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Tape shows DSK maid not after money: lawyer

AFP · 28 Jul 2011, 07:00

Published: 28 Jul 2011 12:20 GMT+02:00
Updated: 28 Jul 2011 07:00 GMT+02:00

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The lawyer for a New York maid who has accused Dominique Strauss-Kahn of attempted rape said Wednesday that a phone recording proved she was no gold-digger after the ex-IMF chief's money.

Lawyer Kenneth Thompson said he and Nafissatou Diallo spent eight hours with prosecutors from the district attorney's office listening to and translating a phone recording which prosecutors said had raised doubts about her credibility -- thereby putting the future of a trial in doubt.

It was clear Diallo "never said the words" attributed to her by a US newspaper claiming that she knew Strauss-Kahn had a lot of money, Thompson told reporters outside the Manhattan DA's office.

"I'm telling you that certain things were said that were merged together in this quote that was given to The New York Times," Thompson told reporters.

Strauss-Kahn, 62, a veteran French politician, has denied seven charges of attempted rape and sexual assault arising out of the incident in his Sofitel luxury hotel suite in Manhattan on May 14.

Diallo revealed her identity for the first time on Sunday saying she wanted to clear her name after a New York tabloid claimed she was a prostitute and was after Strauss-Kahn's money, and also because she said she was seeking justice against her alleged attacker.

The New York Times, in early July, quoted a law enforcement official saying that during a phone conversation with a man jailed in the United States for possessing marijuana, Diallo "says words to the effect of, 'Don't worry, this guy has a lot of money. I know what I'm doing.'"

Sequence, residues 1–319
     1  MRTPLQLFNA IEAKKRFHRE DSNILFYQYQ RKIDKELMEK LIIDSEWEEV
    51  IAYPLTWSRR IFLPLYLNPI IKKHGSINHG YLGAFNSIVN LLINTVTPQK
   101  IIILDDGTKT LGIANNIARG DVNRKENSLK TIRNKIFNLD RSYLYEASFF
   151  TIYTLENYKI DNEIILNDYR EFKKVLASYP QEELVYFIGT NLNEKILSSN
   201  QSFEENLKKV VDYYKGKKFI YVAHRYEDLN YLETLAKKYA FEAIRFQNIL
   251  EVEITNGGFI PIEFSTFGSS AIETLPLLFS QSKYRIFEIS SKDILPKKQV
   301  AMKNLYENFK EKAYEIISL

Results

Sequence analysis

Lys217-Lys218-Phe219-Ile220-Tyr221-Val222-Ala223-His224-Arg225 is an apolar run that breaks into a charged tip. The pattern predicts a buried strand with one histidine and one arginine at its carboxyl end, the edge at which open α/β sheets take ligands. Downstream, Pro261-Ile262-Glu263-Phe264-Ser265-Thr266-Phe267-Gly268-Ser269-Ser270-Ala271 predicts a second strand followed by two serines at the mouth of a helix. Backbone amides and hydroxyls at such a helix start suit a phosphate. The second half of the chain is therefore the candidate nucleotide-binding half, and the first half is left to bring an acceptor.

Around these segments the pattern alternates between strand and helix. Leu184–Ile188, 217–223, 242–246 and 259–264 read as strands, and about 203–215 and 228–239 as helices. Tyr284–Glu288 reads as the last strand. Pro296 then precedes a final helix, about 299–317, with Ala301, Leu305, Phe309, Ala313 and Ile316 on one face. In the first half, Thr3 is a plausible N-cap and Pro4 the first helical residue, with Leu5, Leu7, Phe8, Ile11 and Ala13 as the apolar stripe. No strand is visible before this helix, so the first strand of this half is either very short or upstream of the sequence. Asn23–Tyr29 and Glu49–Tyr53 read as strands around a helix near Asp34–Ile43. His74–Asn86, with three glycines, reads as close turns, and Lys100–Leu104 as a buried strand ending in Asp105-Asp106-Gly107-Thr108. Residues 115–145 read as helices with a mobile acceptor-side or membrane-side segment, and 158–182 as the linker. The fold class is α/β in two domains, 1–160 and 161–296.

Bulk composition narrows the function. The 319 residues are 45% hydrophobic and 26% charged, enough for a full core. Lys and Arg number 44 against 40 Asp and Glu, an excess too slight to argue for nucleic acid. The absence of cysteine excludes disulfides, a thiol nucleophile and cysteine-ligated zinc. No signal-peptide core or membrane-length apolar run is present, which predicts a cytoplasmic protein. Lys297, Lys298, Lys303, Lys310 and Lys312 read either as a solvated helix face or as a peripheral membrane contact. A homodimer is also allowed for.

Thompson said both sides had reviewed the recording of the tape Wednesday with an interpreter who spoke Diallo's native Guinean language of Fulani.

"We have been listening to that tape, and that tape shows that the victims never said the words" attributed to her, Thompson said.

"She told that gentleman that 'Someone tried to rape me and that he's a powerful, big man.'"

That fight over what Diallo said is central to the more important issue of whether the maid is a credible complainant or -- as prosecutors fear -- may be too compromised to face up to cross-examination in court.

After the day-long meeting, a spokeswoman for District Attorney Cyrus Vance refused to give any detailed comment.

"This is a pending criminal case. We will have no comment on evidence, or on any meetings between prosecutors and witnesses, civil attorneys, or defense counsel," said spokeswoman Erin Duggan in a statement.

Meanwhile, a community support group said Diallo and Thompson would give a press conference at midday (1600 GMT) on Thursday at a Christian cultural center in Brooklyn.

Asked about seeking damages in a civil suit, Thompson said that "at the end of the day, Miss Diallo has the right to assert her own private course of action."

"There is nothing wrong with a woman who's been almost raped to file a lawsuit."

Story continues below…

Strauss-Kahn is not due back in court until August 23 for a hearing which has been delayed several times as prosecutors grapple with the apparently growing possibility that they will not bring the high-profile case to trial.

Diallo, 32, said Sunday that she had decided to go public after 10 weeks in hiding because: "I  want justice. I want him to go to jail. I want him to know you cannot use your power when you want to do something like this."

In an interview with ABC television, she talked forcefully in heavily accented, but mostly fluent English about the sequence of events she says took place in the 28th floor suite at the Sofitel hotel.

She recounted the incident, saying Strauss-Kahn, once seen as a leading contender to be the next president of France, emerged naked from a shower to "grab my breasts" and despite her pleas, forced her head down to his penis.

Strauss-Kahn's experienced legal team has slammed the media blitz as an attempt to pressure prosecutors into going ahead with the criminal case, without which a potentially lucrative civil lawsuit might face difficulties.

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